Another interesting fact I learned latterly is that despite its grainy name the plant is actually a fruit and the grain is but a seed. So «gluten free cereal» is not an oxymoron after all! I still can’t wrap my brain around this discovery, but it doesn’t make me like my kasha less.

I always knew, although not from my own experience (yet), that buckwheat is very easy to grow. And that makes me wonder why isn’t it popular! Another property that should make this robust tasting ingredient famous in busy households is that it is very easy—and fast in preparation.

The benefits of buckwheat include but not limited to plant based protein and a substantial amount of fiber. That along should make buckwheat a star in every day vegetarian cooking! In addition, it contains all essential amino acids and B vitamins. Including buckwheat to your diet can help you manage high blood pressure and sugar levels if this is an area of improvement for you… To sum up—it is perfect all around (do I sound overly partial?)

But enough of the scientific talk. What you really need to know is where to find it. Buckwheat is sold in special Russian stores as well as in your supermarket most likely placed in an international or ethnic food isle. I find it with Jewish/Kosher foods.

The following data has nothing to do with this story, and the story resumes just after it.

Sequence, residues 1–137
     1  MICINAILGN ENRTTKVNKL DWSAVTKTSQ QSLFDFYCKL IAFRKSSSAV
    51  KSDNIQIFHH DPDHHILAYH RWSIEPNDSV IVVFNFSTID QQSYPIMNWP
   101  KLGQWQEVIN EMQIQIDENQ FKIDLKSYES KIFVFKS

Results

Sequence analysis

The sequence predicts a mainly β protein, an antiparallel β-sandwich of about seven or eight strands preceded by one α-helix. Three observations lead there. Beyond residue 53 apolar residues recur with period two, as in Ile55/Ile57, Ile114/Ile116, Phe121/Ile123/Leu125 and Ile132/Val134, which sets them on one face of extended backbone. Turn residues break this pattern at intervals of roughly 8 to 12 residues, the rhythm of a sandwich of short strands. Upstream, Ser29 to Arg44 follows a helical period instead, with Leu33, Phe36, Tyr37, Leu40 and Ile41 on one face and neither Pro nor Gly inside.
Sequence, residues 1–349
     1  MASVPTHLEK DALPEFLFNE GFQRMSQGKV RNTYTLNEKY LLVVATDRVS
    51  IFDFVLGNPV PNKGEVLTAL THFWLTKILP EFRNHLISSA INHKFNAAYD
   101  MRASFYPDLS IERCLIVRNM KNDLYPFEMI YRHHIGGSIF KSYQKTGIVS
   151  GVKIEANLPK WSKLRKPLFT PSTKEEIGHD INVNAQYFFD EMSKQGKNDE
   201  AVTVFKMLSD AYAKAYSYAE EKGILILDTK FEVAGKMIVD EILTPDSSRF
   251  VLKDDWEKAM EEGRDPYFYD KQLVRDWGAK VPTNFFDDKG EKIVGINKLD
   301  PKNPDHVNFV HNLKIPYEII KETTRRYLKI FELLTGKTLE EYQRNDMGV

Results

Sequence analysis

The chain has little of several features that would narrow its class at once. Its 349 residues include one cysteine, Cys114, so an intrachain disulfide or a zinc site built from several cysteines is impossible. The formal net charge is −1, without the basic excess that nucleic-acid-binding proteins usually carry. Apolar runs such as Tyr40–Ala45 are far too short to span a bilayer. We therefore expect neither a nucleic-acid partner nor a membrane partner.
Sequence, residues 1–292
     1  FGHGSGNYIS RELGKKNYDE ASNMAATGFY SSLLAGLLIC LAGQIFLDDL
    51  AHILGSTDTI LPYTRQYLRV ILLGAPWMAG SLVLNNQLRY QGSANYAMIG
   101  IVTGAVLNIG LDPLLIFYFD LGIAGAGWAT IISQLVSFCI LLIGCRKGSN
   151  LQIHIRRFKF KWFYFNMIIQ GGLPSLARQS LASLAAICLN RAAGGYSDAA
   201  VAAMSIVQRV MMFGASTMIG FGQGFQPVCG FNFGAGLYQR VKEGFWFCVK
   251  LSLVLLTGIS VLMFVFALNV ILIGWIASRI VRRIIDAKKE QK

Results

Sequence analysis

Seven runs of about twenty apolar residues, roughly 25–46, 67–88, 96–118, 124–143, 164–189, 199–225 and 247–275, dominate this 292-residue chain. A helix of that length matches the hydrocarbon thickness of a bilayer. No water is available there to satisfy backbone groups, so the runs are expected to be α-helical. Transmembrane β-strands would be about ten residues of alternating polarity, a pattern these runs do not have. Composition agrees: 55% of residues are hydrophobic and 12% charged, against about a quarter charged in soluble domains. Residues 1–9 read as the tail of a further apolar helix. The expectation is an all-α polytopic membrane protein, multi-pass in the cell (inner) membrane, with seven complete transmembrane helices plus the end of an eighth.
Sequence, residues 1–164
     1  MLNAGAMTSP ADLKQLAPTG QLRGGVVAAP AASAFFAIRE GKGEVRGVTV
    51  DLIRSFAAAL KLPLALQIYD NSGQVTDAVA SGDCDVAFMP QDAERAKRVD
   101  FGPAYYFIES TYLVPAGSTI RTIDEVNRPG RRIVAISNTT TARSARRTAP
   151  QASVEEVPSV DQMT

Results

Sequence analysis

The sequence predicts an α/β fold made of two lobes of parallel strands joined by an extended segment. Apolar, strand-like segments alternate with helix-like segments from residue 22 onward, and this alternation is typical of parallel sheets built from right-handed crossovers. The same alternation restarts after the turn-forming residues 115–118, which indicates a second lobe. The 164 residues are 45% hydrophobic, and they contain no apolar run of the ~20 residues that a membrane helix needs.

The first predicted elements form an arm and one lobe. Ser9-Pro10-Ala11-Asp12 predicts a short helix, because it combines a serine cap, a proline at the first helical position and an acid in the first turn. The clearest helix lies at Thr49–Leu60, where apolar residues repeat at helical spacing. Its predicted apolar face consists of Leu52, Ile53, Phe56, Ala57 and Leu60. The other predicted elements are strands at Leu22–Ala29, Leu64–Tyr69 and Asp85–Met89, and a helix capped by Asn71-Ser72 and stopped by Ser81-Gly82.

Before you cook buckwheat you might want to pick little black seeds out. There might not be much, but they do ruin presentation (and crackle on your teeth)
Now take one measure of dry buckwheat and two measures of water. If you want, you can toast it before, but most likely it is sold toasted. Now put the buckwheat and water in a sauce pan, bring to boil, add a pinch of salt and let simmer on a medium heat for 20 minutes or until all the water evaporates.

You can cool and store cooked buckwheat for couple of days in a fridge. I used it for this warm salad.

Buckwheat and Roasted Cauliflower Warm Salad
Serves 4 to 6
1 medium cauliflower, cut to florets
2 medium carrots, peeled and sliced on bias about 1/8˝ thick
1/2 t spoon cumin seeds
1/2 t spoon coarse sea salt +a dash